@Zak - I could see why you say that. I like looking for opportunities that failure provides to make the game more interesting. For instance, clairvoyance is one of the spells the newly minted mages were running around with. I was thinking that it would be fun/funny that on failure, they get a vision of the final goal - just not sure where exactly it is!

It's like swinging a sword - at first level, you're more likely to miss, which can remove the fun really quickly if the newbie keeps missing and that damn goblin keeps hitting (ask my princesswife about that... she was pretty damn annoyed!) so there are a lot of areas where 1st levelers have troubles.

SirAllen said...

This is a super important point, this here post. I convinced my wife once that D&D wasn't so weird by having a big event called The Girls' Game. It was all her friends who were interested. I made food and made sure there was lots of wine, and we used the Moldvay Basic rules. And I made sure they had plenty of orc pirates to kill.

So, in that, we have something in common in that we both run or have run D&D for large groups of girls with little D&D experience. The difference, I suppose, is that I have only seen one of my female players in full spread eagle poses. :(

Also, I bet none of your players would ever name their fighter 'Princess Buttercup'. Yep.

Zak Sabbath said...

maybe. i got a 'Lady Smashalot'

christian said...

One thing I don't like about some "old school" DMs is the high mortality rate among PCs. The DMs will say they are firm, but fair.

Me, I think it's lazy DMing. It's easy to keep slaughtering PCs with pit traps, goblins and mega-dungeons. It's harder, I think, to actually develop a setting and foster character growth.

So what do I think? I say let the PCs live. Let the characters grow, prosper and connect to one another as well as the setting.

Chris said...

@Christian: "Burn the witch!" :p

I'm all for having a Halls of Noob (pace Scott Driver) demo area for 1st time gamers.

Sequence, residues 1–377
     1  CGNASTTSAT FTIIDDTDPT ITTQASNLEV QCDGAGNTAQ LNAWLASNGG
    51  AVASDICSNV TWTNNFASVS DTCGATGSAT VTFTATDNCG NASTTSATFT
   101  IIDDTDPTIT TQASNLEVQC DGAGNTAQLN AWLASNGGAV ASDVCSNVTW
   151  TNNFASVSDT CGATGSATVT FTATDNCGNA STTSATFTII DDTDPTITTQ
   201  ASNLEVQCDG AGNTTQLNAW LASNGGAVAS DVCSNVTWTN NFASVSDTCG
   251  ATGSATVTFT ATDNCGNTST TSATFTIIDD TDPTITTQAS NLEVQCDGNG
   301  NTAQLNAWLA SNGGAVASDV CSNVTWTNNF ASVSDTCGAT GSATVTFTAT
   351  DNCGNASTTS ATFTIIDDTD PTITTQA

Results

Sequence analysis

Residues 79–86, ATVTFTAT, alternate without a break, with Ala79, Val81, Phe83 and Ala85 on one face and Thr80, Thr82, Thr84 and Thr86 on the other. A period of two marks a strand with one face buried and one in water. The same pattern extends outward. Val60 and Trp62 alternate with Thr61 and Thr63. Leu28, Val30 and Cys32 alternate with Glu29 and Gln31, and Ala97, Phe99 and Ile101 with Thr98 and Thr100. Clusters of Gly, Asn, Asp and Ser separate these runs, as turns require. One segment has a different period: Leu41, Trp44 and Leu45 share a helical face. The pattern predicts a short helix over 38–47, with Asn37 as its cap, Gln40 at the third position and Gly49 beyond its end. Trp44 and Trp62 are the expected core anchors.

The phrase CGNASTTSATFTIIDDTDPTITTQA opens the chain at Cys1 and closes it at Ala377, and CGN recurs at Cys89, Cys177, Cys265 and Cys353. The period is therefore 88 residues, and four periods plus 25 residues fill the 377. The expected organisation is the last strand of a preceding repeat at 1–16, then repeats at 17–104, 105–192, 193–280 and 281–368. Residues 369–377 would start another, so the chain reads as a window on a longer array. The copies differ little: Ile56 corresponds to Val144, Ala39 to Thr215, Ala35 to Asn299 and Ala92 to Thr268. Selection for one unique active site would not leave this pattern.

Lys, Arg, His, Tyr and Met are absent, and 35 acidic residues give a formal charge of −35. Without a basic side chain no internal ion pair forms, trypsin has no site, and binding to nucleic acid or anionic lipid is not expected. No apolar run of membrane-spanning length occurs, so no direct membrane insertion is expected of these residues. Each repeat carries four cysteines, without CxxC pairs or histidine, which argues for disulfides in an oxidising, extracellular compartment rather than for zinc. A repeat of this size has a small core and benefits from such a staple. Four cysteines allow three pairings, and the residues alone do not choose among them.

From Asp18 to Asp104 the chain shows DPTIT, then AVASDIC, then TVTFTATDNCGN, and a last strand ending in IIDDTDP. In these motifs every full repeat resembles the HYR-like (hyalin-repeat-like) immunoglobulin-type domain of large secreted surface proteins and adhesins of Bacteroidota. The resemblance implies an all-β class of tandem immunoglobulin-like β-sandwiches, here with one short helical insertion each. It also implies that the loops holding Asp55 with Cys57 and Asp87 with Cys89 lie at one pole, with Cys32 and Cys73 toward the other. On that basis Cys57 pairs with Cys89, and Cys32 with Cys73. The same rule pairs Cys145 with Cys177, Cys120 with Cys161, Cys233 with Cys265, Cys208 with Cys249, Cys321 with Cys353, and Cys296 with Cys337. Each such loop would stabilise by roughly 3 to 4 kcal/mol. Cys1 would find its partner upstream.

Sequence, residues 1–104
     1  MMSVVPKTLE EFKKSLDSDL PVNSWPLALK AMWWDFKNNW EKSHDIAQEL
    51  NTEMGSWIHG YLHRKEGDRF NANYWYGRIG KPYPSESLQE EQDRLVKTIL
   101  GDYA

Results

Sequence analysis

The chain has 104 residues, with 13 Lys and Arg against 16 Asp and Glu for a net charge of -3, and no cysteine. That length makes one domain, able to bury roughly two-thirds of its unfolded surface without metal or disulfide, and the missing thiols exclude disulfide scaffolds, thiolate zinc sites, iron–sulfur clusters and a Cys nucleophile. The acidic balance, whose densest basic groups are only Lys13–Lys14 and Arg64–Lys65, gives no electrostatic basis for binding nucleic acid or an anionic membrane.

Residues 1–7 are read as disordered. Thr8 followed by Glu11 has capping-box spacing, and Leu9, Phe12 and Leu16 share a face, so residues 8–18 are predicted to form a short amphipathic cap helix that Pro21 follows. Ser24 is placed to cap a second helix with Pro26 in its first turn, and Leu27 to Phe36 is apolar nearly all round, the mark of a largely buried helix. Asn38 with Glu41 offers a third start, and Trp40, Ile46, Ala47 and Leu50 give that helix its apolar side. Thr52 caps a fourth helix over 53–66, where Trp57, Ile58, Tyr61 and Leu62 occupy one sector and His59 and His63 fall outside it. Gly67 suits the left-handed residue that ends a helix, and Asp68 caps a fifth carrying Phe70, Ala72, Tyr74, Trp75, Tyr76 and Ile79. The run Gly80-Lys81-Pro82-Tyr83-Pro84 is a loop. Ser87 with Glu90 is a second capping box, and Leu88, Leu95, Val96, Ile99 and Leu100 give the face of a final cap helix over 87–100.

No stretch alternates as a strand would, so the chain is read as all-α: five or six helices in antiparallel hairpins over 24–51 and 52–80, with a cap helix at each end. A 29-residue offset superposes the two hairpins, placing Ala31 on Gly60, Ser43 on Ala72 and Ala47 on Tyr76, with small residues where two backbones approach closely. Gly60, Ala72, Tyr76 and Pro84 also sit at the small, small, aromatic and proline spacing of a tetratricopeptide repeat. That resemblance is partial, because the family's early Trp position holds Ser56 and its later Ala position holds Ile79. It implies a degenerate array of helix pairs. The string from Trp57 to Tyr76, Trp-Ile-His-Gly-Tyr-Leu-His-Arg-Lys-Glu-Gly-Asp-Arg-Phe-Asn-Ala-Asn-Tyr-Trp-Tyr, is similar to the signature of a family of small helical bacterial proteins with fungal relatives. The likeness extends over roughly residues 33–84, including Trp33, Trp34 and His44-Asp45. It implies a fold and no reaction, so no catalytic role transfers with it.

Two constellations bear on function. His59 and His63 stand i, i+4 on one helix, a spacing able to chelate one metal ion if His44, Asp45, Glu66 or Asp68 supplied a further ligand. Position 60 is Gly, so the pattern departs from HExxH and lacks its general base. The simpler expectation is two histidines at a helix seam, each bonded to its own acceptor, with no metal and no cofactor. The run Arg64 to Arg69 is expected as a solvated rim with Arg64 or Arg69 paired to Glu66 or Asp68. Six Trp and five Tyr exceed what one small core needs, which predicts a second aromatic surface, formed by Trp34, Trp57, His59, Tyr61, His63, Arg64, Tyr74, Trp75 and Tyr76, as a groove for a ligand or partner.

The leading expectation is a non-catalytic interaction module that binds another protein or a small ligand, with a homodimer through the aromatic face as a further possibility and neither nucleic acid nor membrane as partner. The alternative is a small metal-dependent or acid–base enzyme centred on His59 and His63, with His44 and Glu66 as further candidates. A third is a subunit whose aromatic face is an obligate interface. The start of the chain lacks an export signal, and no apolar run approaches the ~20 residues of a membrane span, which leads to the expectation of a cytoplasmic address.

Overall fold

Maybe start their demo character at 4th level. D&D is supposed to be playing a hero, so why not start them at Hero level? This gives the character a bit more survivability, thereby giving the player a chance to see more of the deliciousness that is D&D in action. They can always build a new character from scratch later...

Unknown said...

So many memories, thankfully when i learned D&D it was with 3.0 and our DM at the time was also learning, as a result we the PC's had a blast doing stuff that not even the books allowed (we didn't understand spell slots back in the day so we waved them up, imagine how fun it was to have Spell Mastery mean you could cast a spell without preparing it as many times as you wanted!)

But yeah if the player doesn't learn that D&D is fun before the DM gets his chance to kill all willy nilly he may never learn since most likely that player wont play again.

Anonymous said...

I tend to be a bit to permissive of players (I want to see them pull of something cool to) but if you want to make them crunchies go with Paranoia where everyone gets insta-clones

Delta said...
This comment has been removed by the author.
Delta said...

One reason I like your blog is because you're one of the few (other) people who focus on the new-player experience and is honest about it. The decadence of 20-year experts arguing preferred play styles with other 20-year experts is one of the biggest problems with the industry.

Personally, I don't mind starting PCs at 3rd level. I think that's the fundamental knob to dial in the starting deadliness of your game, somewhere in the 1-5 level.

Grey said...

I put off all but one of my school friends by killing them too much. Luckily I had two captive younger brothers to practice on until I got better but it can be difficult to keep new players alive if you don't like fudging.

One thought that came to me is a dream session i.e. the first game the players are asleep in the inn thinking of tomorrow's dungeon crawl and they dream a short mini dungeon tutorial - replay up to once per player as they each dream the same dream.